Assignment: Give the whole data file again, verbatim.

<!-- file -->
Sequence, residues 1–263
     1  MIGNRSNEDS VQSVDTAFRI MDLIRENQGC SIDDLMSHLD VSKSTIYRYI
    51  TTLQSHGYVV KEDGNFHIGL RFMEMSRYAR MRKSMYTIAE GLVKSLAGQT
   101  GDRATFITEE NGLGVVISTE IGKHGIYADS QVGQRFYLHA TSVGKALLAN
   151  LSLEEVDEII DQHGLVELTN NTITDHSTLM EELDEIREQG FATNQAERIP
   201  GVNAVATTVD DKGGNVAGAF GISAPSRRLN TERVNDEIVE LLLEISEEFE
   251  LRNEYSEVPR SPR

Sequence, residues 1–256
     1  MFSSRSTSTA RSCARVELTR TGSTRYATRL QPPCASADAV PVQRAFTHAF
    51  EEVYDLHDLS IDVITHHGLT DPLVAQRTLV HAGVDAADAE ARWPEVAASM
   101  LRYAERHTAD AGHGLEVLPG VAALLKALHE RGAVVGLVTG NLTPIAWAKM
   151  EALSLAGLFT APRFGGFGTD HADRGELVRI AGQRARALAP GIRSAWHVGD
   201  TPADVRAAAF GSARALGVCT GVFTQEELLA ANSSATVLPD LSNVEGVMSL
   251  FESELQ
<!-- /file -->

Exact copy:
Sequence, residues 1–263
     1  MIGNRSNEDS VQSVDTAFRI MDLIRENQGC SIDDLMSHLD VSKSTIYRYI
    51  TTLQSHGYVV KEDGNFHIGL RFMEMSRYAR MRKSMYTIAE GLVKSLAGQT
   101  GDRATFITEE NGLGVVISTE IGKHGIYADS QVGQRFYLHA TSVGKALLAN
   151  LSLEEVDEII DQHGLVELTN NTITDHSTLM EELDEIREQG FATNQAERIP
   201  GVNAVATTVD DKGGNVAGAF GISAPSRRLN TERVNDEIVE LLLEISEEFE
   251  LRNEYSEVPR SPR

Sequence, residues 1–256
     1  MFSSRSTSTA RSCARVELTR TGSTRYATRL QPPCASADAV PVQRAFTHAF
    51  EEVYDLHDLS IDVITHHGLT DPLVAQRTLV HAGVDAADAE ARWPEVAASM
   101  LRYAERHTAD AGHGLEVLPG VAALLKALHE RGAVVGLVTG NLTPIAWAKM
   151  EALSLAGLFT APRFGGFGTD HADRGELVRI AGQRARALAP GIRSAWHVGD
   201  TPADVRAAAF GSARALGVCT GVFTQEELLA ANSSATVLPD LSNVEGVMSL
   251  FESELQ